"The sun people," Brooklyn-based DJ Nickodemus told me, "are in some way all of us." Wishing to create an album that expresses the general attitude of the American population after the swearing in of Barack Obama, he realized that "not that much has changed--yet." Realist more than optimist, however, Nicko was born and bred and New York, displaying the positive swagger native to his birthright. He didn't need to go into a multicultural, Edenic spiel. Anyone who has gotten down at his Turntables on the Hudson parties over the last eleven years knows that optimism trumps negativity on the dancefloor, and that is the world in which he moves (and which he moves).
This general attitude pervades his second full-length recording, Sun People, put out on his homegrown Wonderwheel Recordings, with a distribution deal via Thievery Corporation's label ESL Music. The record drops on June 16, the week of the solstice, perfect timing to this globally influenced album featuring the sounds of Romania, Turkey, India, Puerto Rico, Jamaica, Brazil, Africa, and, of course, New York City.
We sat in the blaring sunlight down the street from my Park Slope apartment, flipping between politics of nations and politics of music. He expressed his general interest in creating something uplifting, something he has essentially done for the nearly two decades of his turntablism career. Whether expressed in the anthemic and soulful "The Love Feeling," featuring singer Brian Jay (of the Pimps of Joytime), the gin-infused dance house throwdown "Brookarest," with two guests from the inimitable Balkan brass blarers Taraf de Haidouks, or two versions of an uptempo cruiser, one featuring Mandingo Ambassadors vocalist Ismael Kouyate ("N'Dini") and the other local emcees The Real Live Show ("Sun Children"), Sun People perfectly expresses the unifying nature of this city, in philosophy as well as music.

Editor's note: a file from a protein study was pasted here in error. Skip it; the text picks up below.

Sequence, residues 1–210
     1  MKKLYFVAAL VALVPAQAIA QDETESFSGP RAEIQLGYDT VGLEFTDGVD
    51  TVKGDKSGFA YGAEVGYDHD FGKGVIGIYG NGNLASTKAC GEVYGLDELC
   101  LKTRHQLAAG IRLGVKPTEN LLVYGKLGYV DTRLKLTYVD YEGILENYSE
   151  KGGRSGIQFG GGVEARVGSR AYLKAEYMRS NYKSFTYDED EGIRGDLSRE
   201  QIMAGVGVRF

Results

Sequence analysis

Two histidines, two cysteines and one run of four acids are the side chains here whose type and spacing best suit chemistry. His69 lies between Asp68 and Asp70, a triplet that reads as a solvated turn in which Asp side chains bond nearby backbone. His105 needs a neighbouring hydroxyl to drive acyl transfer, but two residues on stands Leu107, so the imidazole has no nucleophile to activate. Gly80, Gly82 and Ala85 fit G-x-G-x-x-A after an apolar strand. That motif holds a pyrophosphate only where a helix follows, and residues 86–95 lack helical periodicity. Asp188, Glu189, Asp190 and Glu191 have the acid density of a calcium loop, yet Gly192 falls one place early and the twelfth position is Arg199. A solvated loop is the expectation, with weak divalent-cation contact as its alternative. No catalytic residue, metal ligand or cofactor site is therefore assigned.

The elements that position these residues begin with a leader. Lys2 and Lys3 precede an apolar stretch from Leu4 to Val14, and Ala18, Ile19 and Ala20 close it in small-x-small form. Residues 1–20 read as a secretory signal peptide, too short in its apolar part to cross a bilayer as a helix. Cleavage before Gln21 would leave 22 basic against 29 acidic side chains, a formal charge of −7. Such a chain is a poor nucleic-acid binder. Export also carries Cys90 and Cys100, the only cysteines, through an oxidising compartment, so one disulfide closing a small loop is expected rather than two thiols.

It was no surprise to see Nickodemus's name appear on the new remix outing of Turkish ney player Omar Faruk Tekbilek, appearing alongside labelmate and good friend Zeb, possibly the most innovative oud electronist this side of the Hudson River. Their digi-Sufic rendition of "Whirling" is divided into two chapters, one for the commencement of the ceremony, the other for the ritual of trance (as in ceremony, not musical style). The record, Rare Elements: Omar Faruk Tekbilek (5 Points Records) drops on June 9, and features quite an impressive roster.
While I've never been a huge fan of Tekbilek's original work--I understand his importance in Turkish folk culture; for me he leans too much towards "world pop" in production and approach--he has long contributed some incredible tracks, and been very open to experimentation and remixes. This album is better than the normal mixed bag of global electronica retakes, including a solid outing by Algerian-born San Francisco-based DJ Cheb i Sabbah ("Shashkin") and a deep house stomper by another Brooklynite, Jordan Lieb ("Laz"). The latter is destined to peak late-night dancefloors the world over.
To complete this circle, Zeb pops up on Coba Coba Remixed (Cumbancha; June 16), a collection of remixes of Afro-Peruvian digitizers Novalima, who recently played their first show in America a few months ago. (You can read my interview with them for National Geographic here). His dubby midtempo take on "Ruperta" is one of the album's highlights, as well as a nice floor smash by Da Lata ("Tumbala") and a sweet, sensual take on "Africa Lando" by Boozoo Bajou, a Germany-based duo who pretty much own bragging rights on the term "downtempo electronica." (Not they can't turn it up a notch as well.) Full disclosure: I am one-half of the production team EarthRise SoundSystem, and we took a Bedouin edge to Novalima's "Se Me Van"; I won't "review" it, but allow your ears to judge.
Novalima returns to the states in July after their successful show at SOB's a few months ago. They are through and through a live band, living in an interesting circle: the founding five members started out in high school playing live; they moved to five separate countries and created and self-released a smash album in Peru via email and shared files; they then returned to Lima, now playing together again on the stage as much as inside the studio. Coba Coba, the album from which these remixes were pulled, perfectly straddles this line between live and electronic, which in a microcosm represents much of music today. All three of these excellent new releases are indicative of this trend, and thankfully it shows no sign of slowing. It is where music has evolved.
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